KARACHI: Members of the journalist community got together at the Karachi Press Club on Thursday to discuss the role of the Pakistan Press Council in the freedom of the media.
Hosting the event Dr Tauseef Ahmed Khan said in the last 15 days some important issues had come to the fore regarding freedom of the press. He said one of it was about a news report on a security meeting published in Dawn which the government said was false and then, after a crops commanders’ conference, said it was leaked and should be investigated. He said subsequently a joint investigation team (JIT) was formed and the information minister was removed from his position. During the entire period, he said, the government did not pay attention to the Pakistan Press Council. He said the issue pertained to the council which was the one forum where complaints against the newspapers should be addressed. As a result, he said, a meeting of the council was held.
Dr Khan said in the meantime something extraordinary happened which had never happened before. To investigate the news report, he said, a JIT was formed, headed by a retired judge. He said the formation of the JIT was a dangerous step because in the history of the country and the subcontinent extraordinary measures had always affected freedom of the press. He said the positive thing that happened afterwards was that the council’s meeting was held and it was decided that the council alone had the right to deal with issues related to the newspapers.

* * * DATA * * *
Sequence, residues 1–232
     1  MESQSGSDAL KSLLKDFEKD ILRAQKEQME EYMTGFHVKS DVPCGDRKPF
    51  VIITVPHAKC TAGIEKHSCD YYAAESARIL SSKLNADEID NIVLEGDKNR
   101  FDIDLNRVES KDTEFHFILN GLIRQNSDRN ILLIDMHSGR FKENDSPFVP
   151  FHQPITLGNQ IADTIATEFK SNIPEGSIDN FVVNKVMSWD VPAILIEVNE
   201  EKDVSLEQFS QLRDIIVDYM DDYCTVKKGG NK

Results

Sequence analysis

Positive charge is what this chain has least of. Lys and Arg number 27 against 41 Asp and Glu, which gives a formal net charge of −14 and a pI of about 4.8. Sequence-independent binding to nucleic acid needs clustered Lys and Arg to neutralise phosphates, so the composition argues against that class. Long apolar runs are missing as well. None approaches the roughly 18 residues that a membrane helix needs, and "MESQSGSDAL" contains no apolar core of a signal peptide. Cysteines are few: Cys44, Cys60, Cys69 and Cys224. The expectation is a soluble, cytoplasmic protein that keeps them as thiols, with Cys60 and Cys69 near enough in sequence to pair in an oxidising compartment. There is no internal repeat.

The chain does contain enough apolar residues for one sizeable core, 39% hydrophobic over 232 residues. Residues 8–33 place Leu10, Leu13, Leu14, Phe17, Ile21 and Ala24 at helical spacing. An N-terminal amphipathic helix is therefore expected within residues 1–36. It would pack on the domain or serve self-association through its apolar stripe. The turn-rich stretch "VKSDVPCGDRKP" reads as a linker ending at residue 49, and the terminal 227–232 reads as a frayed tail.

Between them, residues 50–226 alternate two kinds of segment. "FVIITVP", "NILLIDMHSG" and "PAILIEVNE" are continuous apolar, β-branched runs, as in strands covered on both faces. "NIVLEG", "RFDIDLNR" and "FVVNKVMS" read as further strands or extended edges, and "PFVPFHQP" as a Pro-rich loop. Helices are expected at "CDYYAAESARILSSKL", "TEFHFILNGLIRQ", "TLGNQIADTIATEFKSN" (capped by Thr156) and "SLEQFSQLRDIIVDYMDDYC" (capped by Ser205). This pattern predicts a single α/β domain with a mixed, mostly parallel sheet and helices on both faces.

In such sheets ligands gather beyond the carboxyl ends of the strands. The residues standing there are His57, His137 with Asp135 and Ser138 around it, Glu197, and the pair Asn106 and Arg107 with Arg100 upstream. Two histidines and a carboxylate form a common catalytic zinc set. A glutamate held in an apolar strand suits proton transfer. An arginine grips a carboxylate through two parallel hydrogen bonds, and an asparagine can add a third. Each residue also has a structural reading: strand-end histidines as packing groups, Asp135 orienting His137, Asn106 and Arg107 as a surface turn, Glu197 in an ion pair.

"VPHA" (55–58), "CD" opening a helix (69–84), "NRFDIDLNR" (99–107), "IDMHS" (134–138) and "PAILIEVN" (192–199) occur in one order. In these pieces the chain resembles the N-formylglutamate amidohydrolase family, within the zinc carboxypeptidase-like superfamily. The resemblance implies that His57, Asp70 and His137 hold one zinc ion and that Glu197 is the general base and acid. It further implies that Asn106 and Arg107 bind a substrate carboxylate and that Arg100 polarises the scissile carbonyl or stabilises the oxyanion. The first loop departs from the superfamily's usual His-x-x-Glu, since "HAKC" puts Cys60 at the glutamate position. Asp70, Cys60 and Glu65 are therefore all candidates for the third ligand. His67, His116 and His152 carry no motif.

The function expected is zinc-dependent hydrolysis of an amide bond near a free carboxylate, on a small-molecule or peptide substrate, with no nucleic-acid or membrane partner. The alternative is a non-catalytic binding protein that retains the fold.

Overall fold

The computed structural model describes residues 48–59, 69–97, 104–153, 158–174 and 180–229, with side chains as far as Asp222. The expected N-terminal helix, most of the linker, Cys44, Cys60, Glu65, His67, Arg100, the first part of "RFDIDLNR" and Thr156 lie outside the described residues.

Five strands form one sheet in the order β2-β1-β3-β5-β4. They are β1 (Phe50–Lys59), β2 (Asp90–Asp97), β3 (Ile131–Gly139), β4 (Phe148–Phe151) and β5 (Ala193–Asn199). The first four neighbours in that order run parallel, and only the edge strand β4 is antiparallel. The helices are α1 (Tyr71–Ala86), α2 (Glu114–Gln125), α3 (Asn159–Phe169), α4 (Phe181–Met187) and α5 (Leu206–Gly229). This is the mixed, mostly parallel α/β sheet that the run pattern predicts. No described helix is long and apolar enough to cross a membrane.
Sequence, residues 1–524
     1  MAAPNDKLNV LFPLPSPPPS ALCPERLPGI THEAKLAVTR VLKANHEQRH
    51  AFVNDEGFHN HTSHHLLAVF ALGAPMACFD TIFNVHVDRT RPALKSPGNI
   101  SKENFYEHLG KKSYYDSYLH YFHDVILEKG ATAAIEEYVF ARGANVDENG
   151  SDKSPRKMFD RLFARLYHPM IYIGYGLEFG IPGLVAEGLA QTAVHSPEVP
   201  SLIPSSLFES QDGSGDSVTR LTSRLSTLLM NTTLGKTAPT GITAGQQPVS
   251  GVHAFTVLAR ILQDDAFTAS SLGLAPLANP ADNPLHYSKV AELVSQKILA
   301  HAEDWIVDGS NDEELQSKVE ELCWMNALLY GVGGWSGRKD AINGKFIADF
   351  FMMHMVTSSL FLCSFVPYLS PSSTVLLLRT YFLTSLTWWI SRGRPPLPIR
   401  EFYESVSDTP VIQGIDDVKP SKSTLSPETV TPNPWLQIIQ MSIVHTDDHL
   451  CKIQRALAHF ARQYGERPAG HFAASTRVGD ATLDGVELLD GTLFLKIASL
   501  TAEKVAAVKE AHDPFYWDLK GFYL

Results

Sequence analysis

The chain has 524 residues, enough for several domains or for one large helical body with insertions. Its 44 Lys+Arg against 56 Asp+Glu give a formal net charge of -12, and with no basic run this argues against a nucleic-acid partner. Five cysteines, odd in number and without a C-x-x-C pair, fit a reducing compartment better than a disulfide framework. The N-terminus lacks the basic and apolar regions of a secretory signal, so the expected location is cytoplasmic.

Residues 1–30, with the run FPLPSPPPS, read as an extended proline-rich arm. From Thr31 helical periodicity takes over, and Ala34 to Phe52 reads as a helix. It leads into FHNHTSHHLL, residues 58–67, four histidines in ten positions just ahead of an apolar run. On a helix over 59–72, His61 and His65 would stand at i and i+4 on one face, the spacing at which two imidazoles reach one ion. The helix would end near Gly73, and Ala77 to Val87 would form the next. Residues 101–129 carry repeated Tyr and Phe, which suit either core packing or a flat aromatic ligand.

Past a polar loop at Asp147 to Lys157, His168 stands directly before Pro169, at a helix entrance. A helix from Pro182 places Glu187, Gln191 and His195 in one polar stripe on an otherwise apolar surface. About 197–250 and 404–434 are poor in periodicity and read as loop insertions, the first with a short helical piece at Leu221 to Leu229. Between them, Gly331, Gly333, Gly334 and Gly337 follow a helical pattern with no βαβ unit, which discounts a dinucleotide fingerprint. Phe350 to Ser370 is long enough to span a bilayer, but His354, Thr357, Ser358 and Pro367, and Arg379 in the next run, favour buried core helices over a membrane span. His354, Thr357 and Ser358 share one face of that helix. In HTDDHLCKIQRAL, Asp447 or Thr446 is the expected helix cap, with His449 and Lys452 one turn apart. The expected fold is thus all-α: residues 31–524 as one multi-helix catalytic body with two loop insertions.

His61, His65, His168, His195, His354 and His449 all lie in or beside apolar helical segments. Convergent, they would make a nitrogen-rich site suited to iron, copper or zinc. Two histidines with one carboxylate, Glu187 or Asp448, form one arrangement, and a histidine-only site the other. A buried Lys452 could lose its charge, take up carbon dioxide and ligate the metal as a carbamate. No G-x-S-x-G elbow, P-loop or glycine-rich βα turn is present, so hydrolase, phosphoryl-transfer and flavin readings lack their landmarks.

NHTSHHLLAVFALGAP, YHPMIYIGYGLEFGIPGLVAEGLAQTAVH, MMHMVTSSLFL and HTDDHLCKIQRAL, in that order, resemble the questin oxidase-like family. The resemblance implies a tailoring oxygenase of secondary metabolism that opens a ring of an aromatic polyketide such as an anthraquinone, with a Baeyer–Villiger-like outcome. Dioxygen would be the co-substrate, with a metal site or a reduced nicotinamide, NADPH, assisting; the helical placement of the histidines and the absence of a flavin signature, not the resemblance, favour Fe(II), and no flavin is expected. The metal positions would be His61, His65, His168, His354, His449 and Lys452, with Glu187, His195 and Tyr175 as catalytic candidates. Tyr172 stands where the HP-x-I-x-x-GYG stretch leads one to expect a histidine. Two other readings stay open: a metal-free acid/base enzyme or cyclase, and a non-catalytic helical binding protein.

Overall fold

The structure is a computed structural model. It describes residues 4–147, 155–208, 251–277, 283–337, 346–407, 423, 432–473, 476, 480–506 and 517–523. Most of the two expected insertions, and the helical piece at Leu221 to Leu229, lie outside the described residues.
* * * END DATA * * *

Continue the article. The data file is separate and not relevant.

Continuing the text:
Journalist Khurshid Tanveer, who participated in the council meeting, first talked about the composition of the council’s members. He then said the issue should be seen in light of Article 19(A) of the constitution. He said the formation of the JIT had made the journalist community restive. He said what’s happening in the country right now was directly related to freedom of the press. He said the system of society ran on the taxes paid by the people and people’s right to information was being controlled. He said Pakistan would not move in the right direction if the country did not adhere to its constitution.
Journalist Mazhar Abbas said it needed to be seen how far the council was able to ‘assert’ itself. He said the council’s finances were a problem. The APNS, he said, was not ready to fund it, and if it took funds from the government (to the extent of its chairman), it began to limit itself. He said perhaps that was why the council’s meeting was called a month late because the chairman was unable to decide what position to take on the matter. He said member organisations of the council should think about ways to strengthen it. He said it was important to empower the council because the moment the government had denied the news report then the only forum to address the issue was the council. He said it meant that the government itself did not take the council seriously. He said APNS and CPNE delegations, too, when the interior minister had called them over, should have taken a position that the case should have been referred to the council.